Challenges in semiconductor manufacturing in India:

  • Complex value chain: The chip design component is highly dependent on Research and Development (R&D) and Intellectual Property (IP) protection, and hence extremely expensive.
    • Though many foreign companies have their R&D divisions in India, inadequate IP protection and contract enforcement make it difficult for the companies to collaborate with Indian companies.
  • Requires Huge investment: Semiconductor manufacturing is a complex, capital and technology intensive process.
  • Requirement of specific raw materials: Semiconductor fabrication requires specific raw materials such as silicon, germanium, gallium arsenide, as well as chemicals and gases, that need to be imported.
  • Lack of uninterrupted power and water supply: In addition to the huge cost, manufacturing a single chip requires hundreds of gallons of pure water, which is both difficult and unsustainable for India.
  • Other Issues: Lack of long-term stable policies, constant price pressure from other global players, ever-changing innovations and rapid changes in technology etc.

Decoding the Editorial

The article is discussing India’s efforts to set up a semiconductor fabrication plant.

Earlier Attempts:

  • In 2007, a Special Incentive Package (SIP) was introduced, but it did not receive any positive response from potential investors or companies.
  • However, in 2012, a Modified SIP was implemented, which had better results.
  • After more than two years of extensive outreach to major fab companies worldwide, India came close to securing a fab.
    • The Cabinet approved two consortia for the fabs, one involving Jaiprakash Associates in partnership with IBM and TowerJazz, and the other led by Hindustan Semiconductor Manufacturing Corporation with ST Microelectronics.
    • The total investment required for both fabs was $10 billion, and the government offered incentives worth almost $5 billion, including cash and tax cuts.
    • The locations for the fabs were finalized, and land was allocated.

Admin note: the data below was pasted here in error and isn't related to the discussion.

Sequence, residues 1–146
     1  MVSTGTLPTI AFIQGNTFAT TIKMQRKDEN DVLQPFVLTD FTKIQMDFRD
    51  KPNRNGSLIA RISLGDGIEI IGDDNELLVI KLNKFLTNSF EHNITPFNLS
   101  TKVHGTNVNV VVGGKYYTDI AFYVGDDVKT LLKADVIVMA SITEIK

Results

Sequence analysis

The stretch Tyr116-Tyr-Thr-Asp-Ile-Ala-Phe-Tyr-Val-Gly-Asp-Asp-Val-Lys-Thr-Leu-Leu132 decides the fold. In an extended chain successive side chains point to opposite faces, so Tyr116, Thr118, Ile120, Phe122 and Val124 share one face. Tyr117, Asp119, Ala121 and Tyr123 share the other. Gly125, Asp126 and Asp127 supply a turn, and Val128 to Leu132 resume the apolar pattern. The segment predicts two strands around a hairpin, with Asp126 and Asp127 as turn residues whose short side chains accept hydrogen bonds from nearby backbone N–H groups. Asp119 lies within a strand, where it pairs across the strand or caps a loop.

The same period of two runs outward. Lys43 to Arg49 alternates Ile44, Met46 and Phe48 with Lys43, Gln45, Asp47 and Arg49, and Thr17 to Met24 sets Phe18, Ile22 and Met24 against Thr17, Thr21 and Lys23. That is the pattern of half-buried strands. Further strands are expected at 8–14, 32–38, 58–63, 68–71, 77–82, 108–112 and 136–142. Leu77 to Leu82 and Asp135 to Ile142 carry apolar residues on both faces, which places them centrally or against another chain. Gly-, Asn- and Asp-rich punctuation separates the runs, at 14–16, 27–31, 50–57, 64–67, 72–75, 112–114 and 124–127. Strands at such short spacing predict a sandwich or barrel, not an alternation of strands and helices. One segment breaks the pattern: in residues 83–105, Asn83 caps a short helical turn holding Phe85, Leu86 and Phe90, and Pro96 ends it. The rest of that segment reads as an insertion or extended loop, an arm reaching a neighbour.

• Despite these efforts, both consortia ultimately failed to mobilise the necessary resources to establish the fabs.

China’s entry into the semiconductor fab industry:

  • Although China started relatively late, it received massive government financial support over the last two decades, enabling it to acquire numerous loss-making fabs from around the world and establish its own fab industry.
  • Leveraging lower manufacturing costs and a large electronics manufacturing industry, China’s chip production has grown rapidly.
  • By the time the United States, which traditionally led in this field, realized it, China had become a major chip producer.
  • Additionally, China’s market supremacy in rare earths, which are crucial for chip production, has given it a strategic advantage in chip-making.
  • The US and its Western allies have recently blocked the transfer of the latest fab-related technology to China.
    • However, these actions may have come too late to prevent China from establishing its dominance in the industry.
    • To counter this, the US enacted the CHIPS and Science Act in 2022, providing substantial subsidies of nearly $40 billion to revitalise semiconductor manufacturing in the country.
    • Similarly, the European Union sanctioned €7.4 billion for a new fab in France.
  • India will need to compete with these countries in what has become a fierce competition in the semiconductor industry, emphasising the intense nature of this “chip warfare.”

Challenges related to investment in semiconductor fab and chip manufacturing:

  • Investment Risk: Building a semiconductor fab requires a significant investment, and it takes time to recover the billions of dollars invested before the technology becomes obsolete. To achieve economic viability, substantial production volumes are necessary, often at levels that can meet global demand. This makes it challenging to rely solely on the domestic market for a fab’s success.
  • Global Sales Advantage: Semiconductors have a small freight-to-price ratio and benefit from a zero-custom duty regime under the Information Technology Agreement. This enables production in a single location and facilitates global sales. As a result, companies are not interested in setting up a greenfield fab (a completely new fab) because they prefer a global sales approach.